This week Steph is singing the Hosanna’s of One Pot. Sing it Steph! “I'd like to add my voice to the chorus of One Pot fans. This week I made the beet hash with eggs recipe from the Skillet chapter, and it was a hit! I am adding it to the rotation for the fall and winter because the recipes are easy to prepare, delicious, easy clean-up, the whole shebang. The directions are clear and simple, and I also love that the book features a photo for every recipe--it's made it a lot easier to dive in and figure out which recipes to try. This will be the cookbook that finally drives me to buy a Dutch oven, I am sure. It's easily my favorite cookbook of the year and I expect to give it to a few people during the holidays. I am looking forward to trying the cabbage and kale with salmon this weekend!”
Amazing Amanda is preparing for National Novel Writing Month (NaNoWriMo) in November, so she's reading Afterworlds by Scott Westerfeld. “The novel is written in two voices for two very different stories. The first is of Darcy, an 18 year old who wrote her first novel during NaNo and then successfully sold it for big bucks. She moves to NYC to chase her dream of the writers' lifestyle. On the flip side, is the less glamorous life of Lizzie, Darcy's heroine in her novel, Afterworlds. Lizzie survives a terrorist attack and in doing so, finds herself in the spirit world between life and death. That is, the Afterworlds. The novel is burning up online reviews with lots of acclaim and admiration. While I'm intrigued by Lizzie's story, Darcy's life in NYC is less engaging. I'm hoping that something as powerful as Lizzie's inciting event will occur soon in Darcy's story, otherwise, I'm just going to skip through and read only Lizzie's chapters.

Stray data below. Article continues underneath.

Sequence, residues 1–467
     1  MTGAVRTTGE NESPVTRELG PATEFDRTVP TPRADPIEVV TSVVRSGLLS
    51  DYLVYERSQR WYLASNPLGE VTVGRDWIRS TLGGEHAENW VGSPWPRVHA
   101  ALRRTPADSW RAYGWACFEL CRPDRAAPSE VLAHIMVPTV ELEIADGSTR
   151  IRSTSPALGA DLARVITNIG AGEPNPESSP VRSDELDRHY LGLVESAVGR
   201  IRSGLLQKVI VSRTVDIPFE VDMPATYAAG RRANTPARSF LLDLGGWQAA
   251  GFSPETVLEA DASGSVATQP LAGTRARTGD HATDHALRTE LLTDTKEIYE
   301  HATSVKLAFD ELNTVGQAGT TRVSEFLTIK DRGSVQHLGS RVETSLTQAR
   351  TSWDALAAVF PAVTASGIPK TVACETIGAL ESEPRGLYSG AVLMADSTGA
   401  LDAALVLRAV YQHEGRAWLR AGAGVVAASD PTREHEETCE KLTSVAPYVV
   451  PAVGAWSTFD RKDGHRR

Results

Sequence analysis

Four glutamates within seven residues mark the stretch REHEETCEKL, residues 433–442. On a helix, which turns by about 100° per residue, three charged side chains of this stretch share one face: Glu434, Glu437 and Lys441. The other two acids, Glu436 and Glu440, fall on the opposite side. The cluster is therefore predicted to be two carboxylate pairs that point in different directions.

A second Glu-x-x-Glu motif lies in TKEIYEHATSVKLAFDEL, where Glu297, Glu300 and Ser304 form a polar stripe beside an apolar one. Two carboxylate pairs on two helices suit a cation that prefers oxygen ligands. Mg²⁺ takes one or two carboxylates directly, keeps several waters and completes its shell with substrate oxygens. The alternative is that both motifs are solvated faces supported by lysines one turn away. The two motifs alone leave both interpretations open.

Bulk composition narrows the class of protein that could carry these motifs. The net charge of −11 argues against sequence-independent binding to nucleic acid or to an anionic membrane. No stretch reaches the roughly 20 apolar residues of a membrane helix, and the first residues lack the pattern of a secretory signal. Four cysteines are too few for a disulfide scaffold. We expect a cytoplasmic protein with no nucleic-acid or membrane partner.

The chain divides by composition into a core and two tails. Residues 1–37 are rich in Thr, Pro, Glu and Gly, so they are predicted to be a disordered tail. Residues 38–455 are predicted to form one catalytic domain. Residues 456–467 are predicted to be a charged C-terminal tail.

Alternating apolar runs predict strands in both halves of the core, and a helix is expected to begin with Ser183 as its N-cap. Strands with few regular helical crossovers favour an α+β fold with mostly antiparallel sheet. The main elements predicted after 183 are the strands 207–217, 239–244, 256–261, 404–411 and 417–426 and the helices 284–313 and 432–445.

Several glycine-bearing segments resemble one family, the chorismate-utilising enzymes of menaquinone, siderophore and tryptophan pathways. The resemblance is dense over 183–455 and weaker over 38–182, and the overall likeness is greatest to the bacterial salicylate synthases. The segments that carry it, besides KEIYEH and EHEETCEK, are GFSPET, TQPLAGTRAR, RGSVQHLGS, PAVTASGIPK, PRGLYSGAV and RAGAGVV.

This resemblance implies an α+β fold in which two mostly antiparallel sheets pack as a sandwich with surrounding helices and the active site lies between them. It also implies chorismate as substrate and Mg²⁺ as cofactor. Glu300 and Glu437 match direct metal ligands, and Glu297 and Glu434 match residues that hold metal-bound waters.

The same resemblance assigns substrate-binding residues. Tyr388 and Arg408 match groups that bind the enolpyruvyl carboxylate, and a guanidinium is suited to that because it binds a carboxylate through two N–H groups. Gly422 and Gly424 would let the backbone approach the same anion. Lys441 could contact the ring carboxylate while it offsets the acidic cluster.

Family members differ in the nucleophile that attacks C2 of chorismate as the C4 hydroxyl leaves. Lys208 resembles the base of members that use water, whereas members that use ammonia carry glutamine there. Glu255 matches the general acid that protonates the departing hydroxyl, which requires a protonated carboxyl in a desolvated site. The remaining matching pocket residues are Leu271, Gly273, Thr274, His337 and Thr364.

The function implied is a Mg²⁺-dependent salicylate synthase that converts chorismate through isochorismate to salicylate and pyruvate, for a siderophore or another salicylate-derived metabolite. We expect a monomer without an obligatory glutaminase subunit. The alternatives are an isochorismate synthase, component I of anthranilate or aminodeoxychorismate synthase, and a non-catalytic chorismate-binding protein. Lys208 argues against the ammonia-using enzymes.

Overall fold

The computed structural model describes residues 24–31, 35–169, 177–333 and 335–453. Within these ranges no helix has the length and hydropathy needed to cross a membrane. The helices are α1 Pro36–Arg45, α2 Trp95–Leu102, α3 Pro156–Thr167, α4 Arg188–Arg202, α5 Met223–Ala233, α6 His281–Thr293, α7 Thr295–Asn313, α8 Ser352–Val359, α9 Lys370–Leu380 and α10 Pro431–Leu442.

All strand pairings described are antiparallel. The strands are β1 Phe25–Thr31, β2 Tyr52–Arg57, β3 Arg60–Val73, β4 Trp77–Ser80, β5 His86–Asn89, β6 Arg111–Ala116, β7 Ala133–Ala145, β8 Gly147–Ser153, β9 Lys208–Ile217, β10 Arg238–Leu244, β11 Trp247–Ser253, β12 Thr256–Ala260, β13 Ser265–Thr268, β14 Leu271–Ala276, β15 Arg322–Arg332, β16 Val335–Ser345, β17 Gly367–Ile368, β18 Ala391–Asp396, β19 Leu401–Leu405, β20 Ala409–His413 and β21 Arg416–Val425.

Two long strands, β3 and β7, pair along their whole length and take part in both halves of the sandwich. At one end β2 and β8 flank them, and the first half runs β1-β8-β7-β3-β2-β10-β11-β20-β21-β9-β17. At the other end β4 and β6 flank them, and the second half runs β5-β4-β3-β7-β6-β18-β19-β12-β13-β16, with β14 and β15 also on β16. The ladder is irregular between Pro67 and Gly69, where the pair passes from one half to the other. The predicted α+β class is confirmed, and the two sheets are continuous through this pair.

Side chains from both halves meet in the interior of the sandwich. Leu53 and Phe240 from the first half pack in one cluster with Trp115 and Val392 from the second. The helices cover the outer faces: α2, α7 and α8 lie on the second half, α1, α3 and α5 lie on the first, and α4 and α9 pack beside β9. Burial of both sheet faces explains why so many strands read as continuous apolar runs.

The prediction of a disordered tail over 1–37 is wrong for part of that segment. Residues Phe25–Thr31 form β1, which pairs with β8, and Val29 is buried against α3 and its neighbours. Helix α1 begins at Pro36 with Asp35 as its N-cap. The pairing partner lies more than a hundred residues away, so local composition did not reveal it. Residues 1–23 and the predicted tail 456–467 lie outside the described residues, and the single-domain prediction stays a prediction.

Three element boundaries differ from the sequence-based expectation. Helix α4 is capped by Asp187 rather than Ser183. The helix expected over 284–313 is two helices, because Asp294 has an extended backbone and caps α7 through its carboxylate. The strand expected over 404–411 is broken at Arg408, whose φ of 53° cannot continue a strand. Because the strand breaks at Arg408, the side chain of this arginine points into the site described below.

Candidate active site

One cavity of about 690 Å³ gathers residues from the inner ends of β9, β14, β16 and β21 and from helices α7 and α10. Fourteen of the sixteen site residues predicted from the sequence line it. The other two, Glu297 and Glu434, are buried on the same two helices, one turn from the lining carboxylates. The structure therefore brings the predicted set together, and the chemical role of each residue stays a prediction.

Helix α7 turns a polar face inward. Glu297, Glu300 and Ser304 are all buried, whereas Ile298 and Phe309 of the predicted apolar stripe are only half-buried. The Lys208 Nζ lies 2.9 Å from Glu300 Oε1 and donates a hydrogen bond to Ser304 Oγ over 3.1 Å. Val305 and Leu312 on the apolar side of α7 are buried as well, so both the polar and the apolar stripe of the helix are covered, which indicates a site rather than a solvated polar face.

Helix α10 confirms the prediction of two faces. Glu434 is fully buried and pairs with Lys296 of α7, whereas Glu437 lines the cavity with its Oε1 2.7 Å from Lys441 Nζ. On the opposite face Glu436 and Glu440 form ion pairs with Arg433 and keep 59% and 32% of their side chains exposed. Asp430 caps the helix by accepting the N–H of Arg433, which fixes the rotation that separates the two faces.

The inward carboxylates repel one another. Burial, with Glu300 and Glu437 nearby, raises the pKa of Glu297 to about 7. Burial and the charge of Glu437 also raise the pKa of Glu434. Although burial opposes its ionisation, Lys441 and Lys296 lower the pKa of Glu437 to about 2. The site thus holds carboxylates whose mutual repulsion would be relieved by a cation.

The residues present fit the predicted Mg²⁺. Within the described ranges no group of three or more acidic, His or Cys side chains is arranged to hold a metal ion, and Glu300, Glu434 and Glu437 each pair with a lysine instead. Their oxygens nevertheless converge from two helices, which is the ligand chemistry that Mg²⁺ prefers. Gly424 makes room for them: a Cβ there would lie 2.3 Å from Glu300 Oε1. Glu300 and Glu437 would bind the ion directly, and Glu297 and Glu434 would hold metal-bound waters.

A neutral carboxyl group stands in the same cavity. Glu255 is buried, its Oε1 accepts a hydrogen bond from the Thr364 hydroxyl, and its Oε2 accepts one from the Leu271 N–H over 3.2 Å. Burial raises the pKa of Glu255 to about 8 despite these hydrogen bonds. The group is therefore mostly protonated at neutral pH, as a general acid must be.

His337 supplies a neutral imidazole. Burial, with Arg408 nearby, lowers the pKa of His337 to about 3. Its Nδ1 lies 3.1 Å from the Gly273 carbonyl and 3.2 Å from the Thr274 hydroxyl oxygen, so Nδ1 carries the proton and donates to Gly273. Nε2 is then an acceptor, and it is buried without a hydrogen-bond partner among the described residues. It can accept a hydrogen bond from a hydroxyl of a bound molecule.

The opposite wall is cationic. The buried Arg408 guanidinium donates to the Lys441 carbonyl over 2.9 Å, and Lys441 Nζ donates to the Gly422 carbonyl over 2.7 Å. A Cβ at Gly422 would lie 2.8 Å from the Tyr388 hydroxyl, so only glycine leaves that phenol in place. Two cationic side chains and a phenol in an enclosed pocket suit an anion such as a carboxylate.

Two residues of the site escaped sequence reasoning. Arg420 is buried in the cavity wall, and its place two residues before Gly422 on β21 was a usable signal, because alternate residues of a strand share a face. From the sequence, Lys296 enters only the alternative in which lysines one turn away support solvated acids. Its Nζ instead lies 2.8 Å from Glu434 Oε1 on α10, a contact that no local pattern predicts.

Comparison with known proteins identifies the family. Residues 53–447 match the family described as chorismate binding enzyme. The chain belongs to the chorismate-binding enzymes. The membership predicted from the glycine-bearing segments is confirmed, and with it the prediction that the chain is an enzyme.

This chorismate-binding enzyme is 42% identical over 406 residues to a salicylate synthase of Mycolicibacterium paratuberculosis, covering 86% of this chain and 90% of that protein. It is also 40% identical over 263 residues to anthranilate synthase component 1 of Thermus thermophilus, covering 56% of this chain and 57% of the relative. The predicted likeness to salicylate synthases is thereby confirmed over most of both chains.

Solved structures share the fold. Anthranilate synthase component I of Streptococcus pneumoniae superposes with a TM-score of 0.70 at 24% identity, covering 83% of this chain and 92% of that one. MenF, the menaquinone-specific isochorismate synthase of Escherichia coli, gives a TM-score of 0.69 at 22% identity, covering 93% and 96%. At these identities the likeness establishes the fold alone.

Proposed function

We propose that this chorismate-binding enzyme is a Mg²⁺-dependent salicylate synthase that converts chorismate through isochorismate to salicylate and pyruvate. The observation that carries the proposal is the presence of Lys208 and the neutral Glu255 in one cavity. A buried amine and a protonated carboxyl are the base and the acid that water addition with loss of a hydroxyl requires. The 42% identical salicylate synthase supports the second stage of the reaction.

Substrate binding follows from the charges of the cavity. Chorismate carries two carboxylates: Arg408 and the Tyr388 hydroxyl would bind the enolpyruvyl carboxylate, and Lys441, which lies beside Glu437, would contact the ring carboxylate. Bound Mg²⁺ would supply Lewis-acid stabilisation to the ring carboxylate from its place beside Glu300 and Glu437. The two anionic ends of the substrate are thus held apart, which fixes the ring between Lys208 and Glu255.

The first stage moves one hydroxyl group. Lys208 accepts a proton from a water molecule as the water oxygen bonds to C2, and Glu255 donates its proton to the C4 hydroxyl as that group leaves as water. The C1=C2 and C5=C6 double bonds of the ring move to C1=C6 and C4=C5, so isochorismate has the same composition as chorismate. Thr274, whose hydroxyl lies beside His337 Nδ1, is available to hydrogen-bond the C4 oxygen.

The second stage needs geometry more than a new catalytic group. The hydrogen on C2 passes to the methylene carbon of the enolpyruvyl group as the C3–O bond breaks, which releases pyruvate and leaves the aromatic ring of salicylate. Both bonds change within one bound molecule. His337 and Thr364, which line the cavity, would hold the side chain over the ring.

I am wild for a debut novel that is coming out in February 2015. M.O. Walsh's debut novel My Sunshine Away is a joy. The narrator is a man looking back on the summer of 1989 when his Baton Rouge neighborhood's peace was shattered by a horrific act of violence. But memory can be a tricky thing; healing and destructive and yet it can also lead to redemption. Which one will be the path he will choose? Told in spare and lyrical language this is a debut to be reckoned with.
Here comes DJ Jazzy Patty McC with the playlist. Why am suddenly all a-tingle? “It’s that time of year when we get dressed up and go out into the dark. We open our doors to strangers, offer treats and hope that no one plays any tricks. What’s that you ask? Irrational fears? Where shall I begin? Clowns, dolls, leftovers in Tupperware at the back of the refrigerator, and offal are just a few things that immediately come to mind. None of these things paralyze me or keep me from doing what I do. I’d go so far as to say that most of us have some irrational fears that we deal with on a regular basis. They may be weird to some but very real to us nonetheless. The Loft’s message this week applies. So while you’re out with the kids trick-or-treating or celebrating at a party remember to Be Gentle with Yourself and I would add Be Kind to Others but I don’t think that will fit on their banner. All the same, I know they’d join me in this sentiment. This week I’m giving you a throwback to the Creepy Halloween Dolls playlist as well as a great podcast from NPR on What We Fear. Boo! Happy Halloween!